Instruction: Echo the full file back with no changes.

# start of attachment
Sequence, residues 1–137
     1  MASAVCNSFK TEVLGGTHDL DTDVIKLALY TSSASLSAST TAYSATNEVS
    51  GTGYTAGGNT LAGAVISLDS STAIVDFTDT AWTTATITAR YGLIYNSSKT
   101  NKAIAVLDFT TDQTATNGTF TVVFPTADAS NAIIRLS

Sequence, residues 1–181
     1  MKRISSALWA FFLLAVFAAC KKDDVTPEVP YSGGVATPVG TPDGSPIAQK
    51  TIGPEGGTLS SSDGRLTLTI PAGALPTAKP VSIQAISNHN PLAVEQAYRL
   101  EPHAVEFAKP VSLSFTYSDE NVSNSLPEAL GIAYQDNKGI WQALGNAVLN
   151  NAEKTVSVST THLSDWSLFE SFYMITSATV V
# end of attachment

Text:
Sequence, residues 1–137
     1  MASAVCNSFK TEVLGGTHDL DTDVIKLALY TSSASLSAST TAYSATNEVS
    51  GTGYTAGGNT LAGAVISLDS STAIVDFTDT AWTTATITAR YGLIYNSSKT
   101  NKAIAVLDFT TDQTATNGTF TVVFPTADAS NAIIRLS

Sequence, residues 1–181
     1  MKRISSALWA FFLLAVFAAC KKDDVTPEVP YSGGVATPVG TPDGSPIAQK
    51  TIGPEGGTLS SSDGRLTLTI PAGALPTAKP VSIQAISNHN PLAVEQAYRL
   101  EPHAVEFAKP VSLSFTYSDE NVSNSLPEAL GIAYQDNKGI WQALGNAVLN
   151  NAEKTVSVST THLSDWSLFE SFYMITSATV V